Tilda Swinton provided an amusing upset over my beloved Cate Blanchett (who can really do no wrong and whom I adore). However, this was an incredibly strong category, and one that was pretty much impossible to peg, so I have bear no ill-will. Swinton’s stellar restrained work in Michael Clayton is a master class in finding nuance and character in what otherwise would have been a complete caricature of a shrewy harridan. Her speech is one of the most offbeat and amusing I have ever heard in my life. (If you thought her Hefty-bag themed dress was atrocious, Youtube her recent BAFTA win to see the garish insect costume she wore to that event…) Horrid styles aside, she seems like quite the amusing personality.

Javier Bardem was incredibly classy – and also completely terrifying and fascinating in No Country. He’s also going to be Guido Contini in the upcoming film adaptation of Nine; with Marion Cotillard as Luisa.

– The Coen brothers win for Best Adapted Screenplay for No Country for Old Men. I immediately get a phone call telling me I am on TV (in the personage of Ethan Coen). For the record, my brother Patrick is more of a dead ringer than I. But I’ll take it (and the Oscar too, thank you).

Marion Cotillard wins for Best Actress over my beloved Julie Christie. Not quite the upset that some would make it out to be. But I have never seen an actor more relieved not to win than Christie. As the announcement comes closer you can see her getting insular and practically shrinking. They announce Cotillard and there is this moment where she kind of feels like a weight has been lifted and then goes completely nuts applauding Marion’s win. Have I mentioned, I adore Julie Christie in practically every way? Possibly the most fascinating and coolest movie star that ever lived. Cate Blanchett, nominated for being awesome in a crapfest, looks like she was about to jump out of her seat to give her a hug, she was so ecstatic. Gotta love those British actors; not only do they deliver the goods, they certainly keep it real. It’s the first time a French performance has been awarded an acting Oscar; and the first foreign language victory in this category since Sophia Loren made Two Women in 1961. My other question: why did they present this one so early? They would have done better to get predictable Best Actor out of the way and let us have some surprise toward the end.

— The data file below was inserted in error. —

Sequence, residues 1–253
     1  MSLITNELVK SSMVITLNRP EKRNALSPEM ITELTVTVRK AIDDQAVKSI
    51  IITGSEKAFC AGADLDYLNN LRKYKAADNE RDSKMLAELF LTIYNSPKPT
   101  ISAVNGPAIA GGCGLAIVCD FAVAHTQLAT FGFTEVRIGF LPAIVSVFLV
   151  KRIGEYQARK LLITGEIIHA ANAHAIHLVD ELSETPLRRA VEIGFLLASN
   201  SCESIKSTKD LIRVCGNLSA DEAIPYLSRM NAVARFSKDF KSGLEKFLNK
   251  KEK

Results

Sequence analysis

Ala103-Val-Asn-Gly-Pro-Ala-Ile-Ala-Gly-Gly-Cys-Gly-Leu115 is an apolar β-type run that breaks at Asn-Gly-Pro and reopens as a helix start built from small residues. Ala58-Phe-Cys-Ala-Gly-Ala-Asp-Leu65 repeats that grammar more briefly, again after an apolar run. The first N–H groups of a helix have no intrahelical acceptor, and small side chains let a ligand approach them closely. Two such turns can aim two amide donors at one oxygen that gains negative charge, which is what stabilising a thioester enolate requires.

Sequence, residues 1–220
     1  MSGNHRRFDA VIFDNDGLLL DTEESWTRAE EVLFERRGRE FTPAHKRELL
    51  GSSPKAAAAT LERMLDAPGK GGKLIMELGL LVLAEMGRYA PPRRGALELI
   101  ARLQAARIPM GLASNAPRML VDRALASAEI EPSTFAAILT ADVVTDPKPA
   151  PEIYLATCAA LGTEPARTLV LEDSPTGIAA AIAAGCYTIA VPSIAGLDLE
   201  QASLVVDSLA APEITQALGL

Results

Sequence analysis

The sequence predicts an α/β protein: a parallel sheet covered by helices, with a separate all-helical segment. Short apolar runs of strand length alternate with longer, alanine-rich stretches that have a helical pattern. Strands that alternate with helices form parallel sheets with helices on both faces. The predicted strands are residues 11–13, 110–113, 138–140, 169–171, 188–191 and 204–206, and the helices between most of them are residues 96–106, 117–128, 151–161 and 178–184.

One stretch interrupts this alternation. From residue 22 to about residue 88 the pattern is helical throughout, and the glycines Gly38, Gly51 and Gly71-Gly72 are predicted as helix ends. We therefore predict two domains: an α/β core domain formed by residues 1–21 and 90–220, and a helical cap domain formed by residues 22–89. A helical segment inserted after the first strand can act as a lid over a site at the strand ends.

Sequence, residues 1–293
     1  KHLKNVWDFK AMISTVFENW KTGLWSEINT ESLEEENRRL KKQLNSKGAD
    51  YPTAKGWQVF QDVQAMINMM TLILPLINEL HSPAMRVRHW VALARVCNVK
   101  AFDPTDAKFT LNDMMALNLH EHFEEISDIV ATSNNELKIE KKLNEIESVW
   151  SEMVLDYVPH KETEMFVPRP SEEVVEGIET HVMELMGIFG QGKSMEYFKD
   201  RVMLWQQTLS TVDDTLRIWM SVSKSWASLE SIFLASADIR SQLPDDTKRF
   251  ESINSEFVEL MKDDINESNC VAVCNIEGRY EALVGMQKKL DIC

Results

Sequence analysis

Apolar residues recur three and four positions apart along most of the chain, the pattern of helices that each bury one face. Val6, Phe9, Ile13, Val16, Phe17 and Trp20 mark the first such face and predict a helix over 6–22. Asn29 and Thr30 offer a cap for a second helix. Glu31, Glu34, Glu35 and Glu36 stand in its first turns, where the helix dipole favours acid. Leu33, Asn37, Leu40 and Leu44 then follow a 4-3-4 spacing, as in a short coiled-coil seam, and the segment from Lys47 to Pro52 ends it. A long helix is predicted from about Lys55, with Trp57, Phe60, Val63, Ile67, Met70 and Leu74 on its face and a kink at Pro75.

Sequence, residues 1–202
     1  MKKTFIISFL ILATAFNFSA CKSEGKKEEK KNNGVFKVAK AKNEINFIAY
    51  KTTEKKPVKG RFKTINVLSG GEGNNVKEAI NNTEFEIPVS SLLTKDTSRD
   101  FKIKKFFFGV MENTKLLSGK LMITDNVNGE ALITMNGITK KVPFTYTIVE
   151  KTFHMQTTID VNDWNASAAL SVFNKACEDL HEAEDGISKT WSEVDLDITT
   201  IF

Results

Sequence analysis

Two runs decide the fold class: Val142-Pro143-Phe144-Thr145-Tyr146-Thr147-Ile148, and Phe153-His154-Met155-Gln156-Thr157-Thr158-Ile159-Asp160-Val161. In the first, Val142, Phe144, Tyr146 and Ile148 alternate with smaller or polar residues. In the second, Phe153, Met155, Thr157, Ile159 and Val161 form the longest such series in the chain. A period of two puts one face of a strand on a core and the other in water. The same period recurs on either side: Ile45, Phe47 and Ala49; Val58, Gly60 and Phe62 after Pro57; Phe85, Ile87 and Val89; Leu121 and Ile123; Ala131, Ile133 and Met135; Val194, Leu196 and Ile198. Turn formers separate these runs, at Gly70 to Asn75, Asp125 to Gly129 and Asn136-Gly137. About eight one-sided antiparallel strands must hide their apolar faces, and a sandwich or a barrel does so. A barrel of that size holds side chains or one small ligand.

– Note how each song from Enchanted fell flat. Amy Adams showed up, but apparently the set and a concept didn’t. It felt like watching a stellar actress at work in an acting studio. Kristin Chenoweth phoned in on hers and I wish they got someone who could sing for the third song. Really pitiful presentation on all parts.